The $\mathbb{Z}$-extensions of $\mathbb{Z}/n\mathbb{Z}$ $$ 0\longrightarrow \mathbb{Z}\longrightarrow E\longrightarrow \mathbb{Z}/n\mathbb{Z}\longrightarrow0 $$ are classifiied by $\operatorname{Ext}_{\mathbb{Z}}^1(\mathbb{Z}/n\mathbb{Z}, \mathbb{Z})$. But one can compute $\operatorname{Ext}_{\mathbb{Z}}^1(\mathbb{Z}/n\mathbb{Z}, \mathbb{Z})=\mathbb{Z}/n\mathbb{Z}$. Hence there are $n$ such extensions. But is there any way to explicitly write down those extensions?

## 1 Answer

Yes. May be a general remark: the group $\mathrm{Ext}^1$ classifies the short exact sequences, which is more structure than remembering $E$ or even $E$ with the $2$-term filtration. In any case, $0\rightarrow \mathbb Z \xrightarrow{\cdot n} \mathbb Z \rightarrow \mathbb Z/n\mathbb Z \rightarrow 0$ is a generator of $\mathrm{Ext}^1_{\mathbb Z}(\mathbb Z/n\mathbb Z,\mathbb Z)$, let's call it $\alpha$. Then $k\cdot\alpha\in\mathrm{Ext}^1_{\mathbb Z}(\mathbb Z/n\mathbb Z,\mathbb Z)$ is obtained as pull-back of $\alpha$ via the multiplication by $k$: $\mathbb Z/n\mathbb Z \xrightarrow{\cdot k} \mathbb Z/n\mathbb Z$. The fiber product $\mathbb Z\times_{\mathbb Z/n\mathbb Z,\cdot k} \mathbb Z/n\mathbb Z$ is computed as $\mathbb Z$ plus the kernel of $\ker(\cdot k)=\frac{n}{(n,k)}\mathbb Z/n\mathbb Z $ and the extension we get looks as follows: $$ 0\rightarrow \mathbb Z \xrightarrow{} \mathbb Z\oplus\frac{n}{(n,k)}\mathbb Z/n\mathbb Z \rightarrow \mathbb Z/n\mathbb Z \rightarrow 0 $$ (where the map $\mathbb Z\oplus\frac{n}{(n,k)}\mathbb Z/n\mathbb Z \rightarrow \mathbb Z/n\mathbb Z$ is identified with the projection $\mathbb Z\times_{\mathbb Z/n\mathbb Z,\cdot k} \mathbb Z/n\mathbb Z\twoheadrightarrow \mathbb Z/n\mathbb Z$). For example if $k\in (\mathbb Z/n\mathbb Z)^\times$ we get the usual sequence $0\rightarrow \mathbb Z \xrightarrow{} \mathbb Z \rightarrow \mathbb Z/n\mathbb Z \rightarrow 0$ but where the second map sends $1$ to $k$ instead of $1$.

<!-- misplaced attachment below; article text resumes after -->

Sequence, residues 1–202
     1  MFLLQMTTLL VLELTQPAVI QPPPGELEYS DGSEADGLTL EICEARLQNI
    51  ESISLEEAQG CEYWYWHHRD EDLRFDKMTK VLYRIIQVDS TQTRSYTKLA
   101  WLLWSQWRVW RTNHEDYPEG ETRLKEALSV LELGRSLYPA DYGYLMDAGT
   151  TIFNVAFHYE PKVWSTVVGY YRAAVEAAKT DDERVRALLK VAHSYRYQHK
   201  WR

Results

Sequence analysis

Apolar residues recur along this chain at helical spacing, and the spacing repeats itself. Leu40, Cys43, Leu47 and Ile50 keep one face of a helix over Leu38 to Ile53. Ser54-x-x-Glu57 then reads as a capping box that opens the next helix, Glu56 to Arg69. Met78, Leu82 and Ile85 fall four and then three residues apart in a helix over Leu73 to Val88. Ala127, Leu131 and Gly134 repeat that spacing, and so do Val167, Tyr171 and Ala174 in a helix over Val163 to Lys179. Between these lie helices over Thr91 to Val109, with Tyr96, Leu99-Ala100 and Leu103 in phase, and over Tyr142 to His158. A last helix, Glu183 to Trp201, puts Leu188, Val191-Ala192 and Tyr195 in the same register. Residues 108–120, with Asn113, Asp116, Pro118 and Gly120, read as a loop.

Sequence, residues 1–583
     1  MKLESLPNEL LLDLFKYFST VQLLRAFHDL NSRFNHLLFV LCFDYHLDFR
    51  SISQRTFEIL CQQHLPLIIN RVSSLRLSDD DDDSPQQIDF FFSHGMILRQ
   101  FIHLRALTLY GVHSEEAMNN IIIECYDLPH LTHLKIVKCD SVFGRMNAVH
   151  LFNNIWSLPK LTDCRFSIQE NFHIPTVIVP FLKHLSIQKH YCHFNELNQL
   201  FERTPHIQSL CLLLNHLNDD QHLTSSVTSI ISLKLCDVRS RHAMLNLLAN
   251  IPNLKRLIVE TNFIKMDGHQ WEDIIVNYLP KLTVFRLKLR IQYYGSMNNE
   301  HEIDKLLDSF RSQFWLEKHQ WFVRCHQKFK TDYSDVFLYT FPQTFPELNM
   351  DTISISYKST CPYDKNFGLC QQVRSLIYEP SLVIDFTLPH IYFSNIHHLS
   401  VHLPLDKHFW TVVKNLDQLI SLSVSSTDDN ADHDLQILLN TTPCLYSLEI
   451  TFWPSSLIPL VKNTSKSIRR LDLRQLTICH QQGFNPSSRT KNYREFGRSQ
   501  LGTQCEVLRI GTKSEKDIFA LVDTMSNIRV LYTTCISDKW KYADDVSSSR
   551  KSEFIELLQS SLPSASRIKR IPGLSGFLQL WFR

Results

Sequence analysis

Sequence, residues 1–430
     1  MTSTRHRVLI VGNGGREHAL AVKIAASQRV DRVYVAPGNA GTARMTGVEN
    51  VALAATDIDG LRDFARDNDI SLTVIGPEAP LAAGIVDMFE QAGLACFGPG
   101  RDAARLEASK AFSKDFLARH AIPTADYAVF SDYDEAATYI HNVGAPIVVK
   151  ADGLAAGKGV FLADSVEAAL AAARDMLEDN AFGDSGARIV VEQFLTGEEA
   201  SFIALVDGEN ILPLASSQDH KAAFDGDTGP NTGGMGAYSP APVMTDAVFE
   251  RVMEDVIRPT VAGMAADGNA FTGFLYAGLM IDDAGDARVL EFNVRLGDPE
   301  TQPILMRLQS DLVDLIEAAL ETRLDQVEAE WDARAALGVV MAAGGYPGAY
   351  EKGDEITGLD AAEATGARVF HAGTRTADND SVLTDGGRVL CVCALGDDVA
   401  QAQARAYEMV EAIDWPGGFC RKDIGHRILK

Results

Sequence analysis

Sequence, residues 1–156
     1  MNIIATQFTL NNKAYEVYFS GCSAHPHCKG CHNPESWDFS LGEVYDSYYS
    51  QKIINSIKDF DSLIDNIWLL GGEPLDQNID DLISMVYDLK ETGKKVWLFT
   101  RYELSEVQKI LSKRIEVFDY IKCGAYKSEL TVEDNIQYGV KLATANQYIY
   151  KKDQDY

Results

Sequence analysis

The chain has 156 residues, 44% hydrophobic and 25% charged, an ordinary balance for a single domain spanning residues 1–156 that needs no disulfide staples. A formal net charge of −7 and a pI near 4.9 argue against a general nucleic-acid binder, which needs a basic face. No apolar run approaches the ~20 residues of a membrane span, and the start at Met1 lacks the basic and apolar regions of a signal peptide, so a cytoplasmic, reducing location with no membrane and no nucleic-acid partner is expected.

Algebrathat tells you exactly how to do this (can't look it up now, but should be easy to find, it's in the part dealing with homological algebra). $\endgroup$